“It’s not a big stretch to remake ‘The King of Comedy,’ directly, with the Joker in the lead role. It’s the story of a man who can no longer tell fantasy from reality, whose delusions have disturbing consequences. And although director Martin Scorsese knows that Pupkin is a terrifying person, he and De Niro never lose sight of the fact that his actions are the result of a tragically disturbed mind. Pupkin’s comedy routine, which we finally see at the end of the film, is a litany of tragic abuses he suffered as a child, filtered through a mind that is desperate to share them with the world and to say that, in the end, all that horror was hilarious.”
The Fisher King (1991)
A lot of critics have referenced A Clockwork Orange as a related movie, and maybe Phillips has cited that one before, too. Stanley Kubrick’s adaptation of Anthony Burgess’ sci-fi novel about a violent gang leader who goes through experimental therapy does have its antihero dancing around to a show tune while performing his awful deeds, and Arthur’s way of cavorting about to Frank Sinatra’s “That’s Life” is certainly reminiscent of that. Cross that with Taxi Driver‘s protagonist who is fed up with the dirty streets of ’70s NYC, and you’ve got the Joker of Joker.
But I’m instead recommending something that came out 20 years after Clockwork and 15 years after Taxi Driver. One of the best films of the ’90s, Terry Gilliam’s The Fisher King, written by Richard LaGravenese, arrived at the tail end of the gritty era of the Big Apple, just before the city was cleaned up, for better and worse. The movie stars Robin Williams as a former yuppie professor whose wife is gunned down by an incel after being provoked by a shock jock (Jeff Bridges). As a result of the trauma, he becomes a delusional homeless man who moonlights as a vigilante knight. He’s kind of Phoenix’s Joker plus Batman wrapped up in one, but wackier. His Sinatra show tune of choice to sing while kicking hooligans’ butts: “How About You?”
You Were Never Really Here (2017)
Why is Phoenix getting so much attention, including Oscar buzz, for Joker, when he deserved it much more for You Were Never Really Here? And why is that movie making so much money and this made so little? Because Lynne Ramsey’s arthouse crime drama is not tied to a popular comic book franchise, duh. But if you wish Joker didn’t have to be a DC movie with all its Batman and the Joker and Gotham City lore, then You Were Never Really Here is the perfect thing for you.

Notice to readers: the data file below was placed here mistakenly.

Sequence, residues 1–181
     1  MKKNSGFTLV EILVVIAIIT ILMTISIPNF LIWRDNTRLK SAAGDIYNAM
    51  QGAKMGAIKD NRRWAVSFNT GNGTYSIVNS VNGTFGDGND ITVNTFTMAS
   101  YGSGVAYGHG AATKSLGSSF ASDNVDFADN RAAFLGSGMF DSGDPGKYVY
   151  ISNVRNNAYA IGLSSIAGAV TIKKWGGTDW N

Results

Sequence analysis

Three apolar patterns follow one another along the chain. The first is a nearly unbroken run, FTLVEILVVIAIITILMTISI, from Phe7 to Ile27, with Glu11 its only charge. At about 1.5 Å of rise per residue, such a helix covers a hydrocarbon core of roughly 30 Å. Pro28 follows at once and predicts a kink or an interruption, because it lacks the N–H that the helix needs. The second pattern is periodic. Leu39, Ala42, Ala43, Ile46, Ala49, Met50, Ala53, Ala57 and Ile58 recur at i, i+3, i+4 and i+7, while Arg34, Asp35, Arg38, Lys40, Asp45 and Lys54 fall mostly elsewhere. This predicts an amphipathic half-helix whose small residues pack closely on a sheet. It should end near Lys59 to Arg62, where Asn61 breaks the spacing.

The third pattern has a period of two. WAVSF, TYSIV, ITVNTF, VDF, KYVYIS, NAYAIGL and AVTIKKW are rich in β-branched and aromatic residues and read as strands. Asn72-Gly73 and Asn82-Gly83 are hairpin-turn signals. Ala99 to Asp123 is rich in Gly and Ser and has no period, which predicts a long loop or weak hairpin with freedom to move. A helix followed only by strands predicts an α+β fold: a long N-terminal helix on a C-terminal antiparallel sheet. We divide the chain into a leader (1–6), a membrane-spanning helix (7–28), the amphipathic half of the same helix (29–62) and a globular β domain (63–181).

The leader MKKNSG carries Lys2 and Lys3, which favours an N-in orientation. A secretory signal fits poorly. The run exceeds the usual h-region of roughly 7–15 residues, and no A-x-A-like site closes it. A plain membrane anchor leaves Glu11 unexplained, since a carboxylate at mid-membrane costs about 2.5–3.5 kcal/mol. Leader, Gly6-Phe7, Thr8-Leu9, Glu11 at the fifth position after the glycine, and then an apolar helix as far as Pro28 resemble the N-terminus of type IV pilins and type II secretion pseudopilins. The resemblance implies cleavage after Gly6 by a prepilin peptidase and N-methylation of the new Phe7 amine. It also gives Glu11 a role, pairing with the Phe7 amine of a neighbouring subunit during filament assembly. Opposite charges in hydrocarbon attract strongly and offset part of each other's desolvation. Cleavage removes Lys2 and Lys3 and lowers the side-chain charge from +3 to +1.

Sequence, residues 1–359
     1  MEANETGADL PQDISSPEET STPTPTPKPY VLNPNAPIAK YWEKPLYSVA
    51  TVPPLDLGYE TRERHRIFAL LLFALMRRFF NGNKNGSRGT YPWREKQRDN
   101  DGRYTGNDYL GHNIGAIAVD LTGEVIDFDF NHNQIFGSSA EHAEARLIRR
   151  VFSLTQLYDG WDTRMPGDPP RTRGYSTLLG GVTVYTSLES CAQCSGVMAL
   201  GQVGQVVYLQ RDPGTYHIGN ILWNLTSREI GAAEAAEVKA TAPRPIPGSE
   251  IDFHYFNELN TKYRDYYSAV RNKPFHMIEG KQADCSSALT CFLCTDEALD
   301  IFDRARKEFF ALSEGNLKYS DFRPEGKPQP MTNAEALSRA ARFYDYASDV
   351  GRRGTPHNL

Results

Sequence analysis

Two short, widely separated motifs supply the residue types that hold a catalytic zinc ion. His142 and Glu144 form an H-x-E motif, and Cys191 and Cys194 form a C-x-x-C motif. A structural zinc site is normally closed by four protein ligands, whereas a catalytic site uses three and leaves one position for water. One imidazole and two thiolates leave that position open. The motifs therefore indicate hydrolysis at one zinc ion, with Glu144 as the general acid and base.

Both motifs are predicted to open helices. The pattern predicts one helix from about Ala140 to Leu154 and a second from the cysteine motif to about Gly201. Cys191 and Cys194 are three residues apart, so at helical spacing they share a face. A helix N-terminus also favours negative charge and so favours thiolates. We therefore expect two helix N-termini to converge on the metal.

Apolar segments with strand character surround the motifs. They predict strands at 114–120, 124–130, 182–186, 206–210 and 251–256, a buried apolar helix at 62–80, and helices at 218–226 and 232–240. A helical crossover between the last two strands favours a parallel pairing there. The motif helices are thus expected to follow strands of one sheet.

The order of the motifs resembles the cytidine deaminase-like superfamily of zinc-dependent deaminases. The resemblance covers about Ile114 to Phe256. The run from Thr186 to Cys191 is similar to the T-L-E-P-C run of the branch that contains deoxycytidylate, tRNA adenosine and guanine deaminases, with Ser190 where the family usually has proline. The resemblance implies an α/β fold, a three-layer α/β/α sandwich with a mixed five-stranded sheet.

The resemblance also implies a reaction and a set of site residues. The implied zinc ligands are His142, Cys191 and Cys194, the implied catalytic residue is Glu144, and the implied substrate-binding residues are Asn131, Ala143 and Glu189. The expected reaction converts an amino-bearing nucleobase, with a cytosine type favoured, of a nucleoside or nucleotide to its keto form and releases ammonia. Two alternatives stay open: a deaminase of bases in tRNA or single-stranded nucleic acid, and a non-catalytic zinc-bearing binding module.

Here, Phoenix plays a disturbed rescuer of trafficked girls who continues his work as an antihero vigilante after his paying job is corrupted. His background of abuse and his current residence with his mother is similar. His way of thinking of committing suicide by blowing his brains out with a revolver underneath his chin is similar. But as teased in a brief montage of Phoenix’s roles over the decades made by Birth.Movies.Death, a lot of the actor’s work feels like a lead up to his portrayal of the Joker, especially those characters he plays in this and The Master. I even was reminded of Two Lovers at times while watching Joker. Just go back through Phoenix’s whole career and watch all of his movies.
A Dangerous Son (2018)
For this week’s documentary pick, I thought a lot about what sort of subject to focus on in relation to the Joker’s origin story. The movie seems to be about the issue of mental health not being enough of a concern in American society. Documentaries such as Titicut Follies actually helped stigmatize the insane asylum method of dealing with the mentally ill during a time when deinstitutionalization was already going on anyway and community-based programs were on the rise.
Other docs have dealt with how the resulting public mental health solutions that came about as an alternative have been defunded over the years, like what happens with Arthur’s psychiatric care in Joker. The most recent notable doc to address this problem and its link to a rise in gun violence in the US (specifically the Newtown and Aurora shootings, the latter of which his associated with the Joker character since it occurred during a showing of a Batman movie, The Dark Knight Rises) is Liz Garbus’ A Dangerous Son. The HBO original does this while focusing specifically on three families with children suffering from emotional or mental illness. The subjects are certainly much younger than the Joker, but you can imagine little Arthur Fleck was like the kids seen here and required the sort of care they’re all in need of.